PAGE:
The Belarusian regime condemns itself to sanctions and blockades from the West
Following the failure of the Russian blitzkrieg against Ukraine, the Belarusian regime – instead of looking for a way out of the situation – is doing everything possible to make it worse. Classifying Belarus as an aggressor country creates conditions for organising a blockade, supplemented by new sanctions from the West. Under these conditions, a complete reorientation of trade and economic ties to the East looks like an unrealistic scenario.
The Ukrainian authorities’ explicit recognition of Belarus as an aggressor country opens the door to the nationalisation of Belarusian property in Ukraine and a full-fledged blockade in cooperation with the Baltic countries and Poland.
These events develop due to the actions and statements of the Belarusian regime, which, instead of looking for ways out of the war, aggravates the situation by openly supporting Russian aggression. Lukashenka once again endorsed the so-called “special military operation” of the Russian Federation against Ukraine and stated that the West wanted to cut off Belarus from Russia so that it could not carry out this operation.
In the coming days, the US Department of Commerce will impose sanctions on 120 organisations from Russia and Belarus due to aggression against Ukraine. Significant US financial sanctions will have serious economic consequences for the “Axis” countries. Export controls and airspace restrictions will deprive Russia and Belarus of access to critical technologies, damage their industrial base, and obstruct strategic goals to expand influence in the international arena.
The Secretariat of the British Government has issued guidance requiring the British public sector to revise its contracts with Russian and Belarusian companies.
The Australian government has increased duty by 35% on all imports of goods from Russia and Belarus; the “most favoured nation” status is revoked.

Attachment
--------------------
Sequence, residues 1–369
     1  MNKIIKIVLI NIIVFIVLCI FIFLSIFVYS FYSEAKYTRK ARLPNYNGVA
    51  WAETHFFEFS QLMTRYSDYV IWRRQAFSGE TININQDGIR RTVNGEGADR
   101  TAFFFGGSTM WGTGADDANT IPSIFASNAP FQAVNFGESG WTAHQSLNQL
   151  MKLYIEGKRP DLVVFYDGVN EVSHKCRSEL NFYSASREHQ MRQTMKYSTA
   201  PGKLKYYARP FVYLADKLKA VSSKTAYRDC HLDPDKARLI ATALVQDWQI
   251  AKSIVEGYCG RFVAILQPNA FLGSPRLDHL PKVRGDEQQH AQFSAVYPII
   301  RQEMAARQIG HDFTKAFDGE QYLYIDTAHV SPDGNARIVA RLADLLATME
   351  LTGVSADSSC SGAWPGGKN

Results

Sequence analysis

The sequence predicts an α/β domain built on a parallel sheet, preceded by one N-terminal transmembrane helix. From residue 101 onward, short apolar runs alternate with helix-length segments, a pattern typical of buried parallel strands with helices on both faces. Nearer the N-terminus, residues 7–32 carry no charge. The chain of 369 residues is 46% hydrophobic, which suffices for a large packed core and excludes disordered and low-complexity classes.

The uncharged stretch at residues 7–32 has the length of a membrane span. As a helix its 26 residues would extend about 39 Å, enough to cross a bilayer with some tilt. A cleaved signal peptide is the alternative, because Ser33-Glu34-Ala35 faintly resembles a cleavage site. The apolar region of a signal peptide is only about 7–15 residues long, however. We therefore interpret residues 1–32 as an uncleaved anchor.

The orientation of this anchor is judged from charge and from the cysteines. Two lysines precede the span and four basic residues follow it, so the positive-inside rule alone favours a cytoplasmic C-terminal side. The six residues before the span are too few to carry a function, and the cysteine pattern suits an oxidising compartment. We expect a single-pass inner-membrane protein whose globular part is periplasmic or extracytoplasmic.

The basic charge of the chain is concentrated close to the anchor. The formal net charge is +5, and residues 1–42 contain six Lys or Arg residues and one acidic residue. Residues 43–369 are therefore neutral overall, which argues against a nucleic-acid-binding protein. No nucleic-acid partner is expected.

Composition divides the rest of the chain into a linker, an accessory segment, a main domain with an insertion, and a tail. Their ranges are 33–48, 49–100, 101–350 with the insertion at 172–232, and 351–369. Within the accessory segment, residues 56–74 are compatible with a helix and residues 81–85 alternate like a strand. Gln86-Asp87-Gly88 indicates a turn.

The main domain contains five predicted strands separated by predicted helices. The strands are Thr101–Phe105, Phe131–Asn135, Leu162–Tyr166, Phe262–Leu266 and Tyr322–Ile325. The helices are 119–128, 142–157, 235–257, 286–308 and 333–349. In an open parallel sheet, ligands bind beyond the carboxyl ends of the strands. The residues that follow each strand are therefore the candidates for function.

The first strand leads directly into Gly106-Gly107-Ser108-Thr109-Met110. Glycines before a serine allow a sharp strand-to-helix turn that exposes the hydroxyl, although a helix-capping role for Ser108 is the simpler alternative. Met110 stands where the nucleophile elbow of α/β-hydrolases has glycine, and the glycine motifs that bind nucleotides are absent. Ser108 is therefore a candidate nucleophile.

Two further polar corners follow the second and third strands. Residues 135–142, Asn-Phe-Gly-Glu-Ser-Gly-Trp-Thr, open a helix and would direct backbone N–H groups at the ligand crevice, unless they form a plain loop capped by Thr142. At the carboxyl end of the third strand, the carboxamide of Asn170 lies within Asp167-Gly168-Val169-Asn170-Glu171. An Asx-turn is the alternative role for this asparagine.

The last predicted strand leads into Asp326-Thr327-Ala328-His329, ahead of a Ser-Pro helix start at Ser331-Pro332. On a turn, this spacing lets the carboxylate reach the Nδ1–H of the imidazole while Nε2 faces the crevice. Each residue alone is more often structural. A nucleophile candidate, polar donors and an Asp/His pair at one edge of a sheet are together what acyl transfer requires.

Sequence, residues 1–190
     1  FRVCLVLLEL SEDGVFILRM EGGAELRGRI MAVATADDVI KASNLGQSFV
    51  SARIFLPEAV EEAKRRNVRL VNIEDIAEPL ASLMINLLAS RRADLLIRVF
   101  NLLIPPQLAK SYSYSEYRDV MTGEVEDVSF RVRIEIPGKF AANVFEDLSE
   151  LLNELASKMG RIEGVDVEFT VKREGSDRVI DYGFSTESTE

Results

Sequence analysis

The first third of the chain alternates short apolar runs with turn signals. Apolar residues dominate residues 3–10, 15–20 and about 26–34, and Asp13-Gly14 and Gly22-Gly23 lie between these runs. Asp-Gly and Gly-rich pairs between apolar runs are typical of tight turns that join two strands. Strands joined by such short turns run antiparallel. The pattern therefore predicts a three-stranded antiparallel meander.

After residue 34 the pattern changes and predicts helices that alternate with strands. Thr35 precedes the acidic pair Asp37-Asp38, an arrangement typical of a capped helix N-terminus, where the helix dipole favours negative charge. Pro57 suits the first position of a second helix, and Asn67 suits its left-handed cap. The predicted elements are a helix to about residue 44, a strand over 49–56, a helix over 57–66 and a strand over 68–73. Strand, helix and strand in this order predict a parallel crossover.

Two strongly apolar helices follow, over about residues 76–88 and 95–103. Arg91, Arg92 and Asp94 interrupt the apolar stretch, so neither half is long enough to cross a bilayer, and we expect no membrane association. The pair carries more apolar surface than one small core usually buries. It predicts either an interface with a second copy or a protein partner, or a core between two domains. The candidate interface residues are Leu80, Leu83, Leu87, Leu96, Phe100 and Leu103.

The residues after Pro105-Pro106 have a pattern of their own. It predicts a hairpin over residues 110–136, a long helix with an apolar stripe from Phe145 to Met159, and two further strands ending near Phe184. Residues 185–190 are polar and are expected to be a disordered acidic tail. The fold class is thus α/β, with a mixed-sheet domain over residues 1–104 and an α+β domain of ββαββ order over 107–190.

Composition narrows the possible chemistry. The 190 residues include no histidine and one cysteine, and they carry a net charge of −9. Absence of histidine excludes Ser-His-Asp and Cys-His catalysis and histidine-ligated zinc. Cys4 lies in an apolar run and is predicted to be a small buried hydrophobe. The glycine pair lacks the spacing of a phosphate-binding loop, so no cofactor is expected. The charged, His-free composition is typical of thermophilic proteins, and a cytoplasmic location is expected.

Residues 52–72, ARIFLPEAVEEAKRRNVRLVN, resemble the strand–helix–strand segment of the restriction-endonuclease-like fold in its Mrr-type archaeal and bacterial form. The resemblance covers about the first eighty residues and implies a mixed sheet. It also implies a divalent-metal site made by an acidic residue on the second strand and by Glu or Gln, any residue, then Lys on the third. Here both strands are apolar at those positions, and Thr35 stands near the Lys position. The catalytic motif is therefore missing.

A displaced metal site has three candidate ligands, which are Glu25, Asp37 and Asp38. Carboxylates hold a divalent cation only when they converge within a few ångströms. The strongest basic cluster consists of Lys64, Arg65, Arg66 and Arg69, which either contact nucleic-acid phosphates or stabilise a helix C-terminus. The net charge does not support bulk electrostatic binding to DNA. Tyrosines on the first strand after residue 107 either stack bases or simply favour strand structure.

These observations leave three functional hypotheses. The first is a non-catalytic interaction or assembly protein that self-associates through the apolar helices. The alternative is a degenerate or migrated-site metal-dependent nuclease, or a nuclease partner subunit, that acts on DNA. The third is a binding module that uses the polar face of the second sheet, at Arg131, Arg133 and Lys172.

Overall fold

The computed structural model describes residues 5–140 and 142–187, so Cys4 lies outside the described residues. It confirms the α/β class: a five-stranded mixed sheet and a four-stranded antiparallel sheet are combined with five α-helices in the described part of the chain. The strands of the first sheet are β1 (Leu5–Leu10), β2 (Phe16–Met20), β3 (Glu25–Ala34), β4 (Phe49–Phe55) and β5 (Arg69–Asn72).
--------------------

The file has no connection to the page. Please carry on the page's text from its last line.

The European Union and the United States held a meeting of a group created last summer to coordinate action against Russia and support other countries in the region, including the democratic forces of Belarus.
In response, Minsk is making frantic attempts to avert an impending blockade by reorienting trade and economic ties to the East and engaging American lobbyists to ease sanctions against the Belarusian potash industry. The primary focus is full use of Russian seaports, particularly the multifunctional Bronka port complex in the Leningrad region. New routes are also being investigated, including Astrakhan, Novorossiysk, and Vladivostok. Shipment of products through Georgia and Iran is also possible since Africa and Asia are important priorities for the Ministry of Industry.
Despite Minsk’s attempts to position Belarus as an important transport hub on the China-Europe-China route with an emphasis on the development of the Great Stone Industrial Park, Bejing is unwilling to support the Belarusian regime in the context of the war against Ukraine, which undermines plans to promote the Belt and Road Initiative. Consequently, Minsk attempts to reorient itself to India, discussing the prospects for the supply of BelAZ quarry equipment. However, cooperation with India is contingent on the United States consenting to engagement with Belarus (several exceptions have already been received for Russia) and resolving logistical problems delivering industrial goods and potash fertilisers. However, the easing of US sanctions against the Russian potash industry, in contrast to Belarus, will also impede supplies politically.
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Situation in Belarus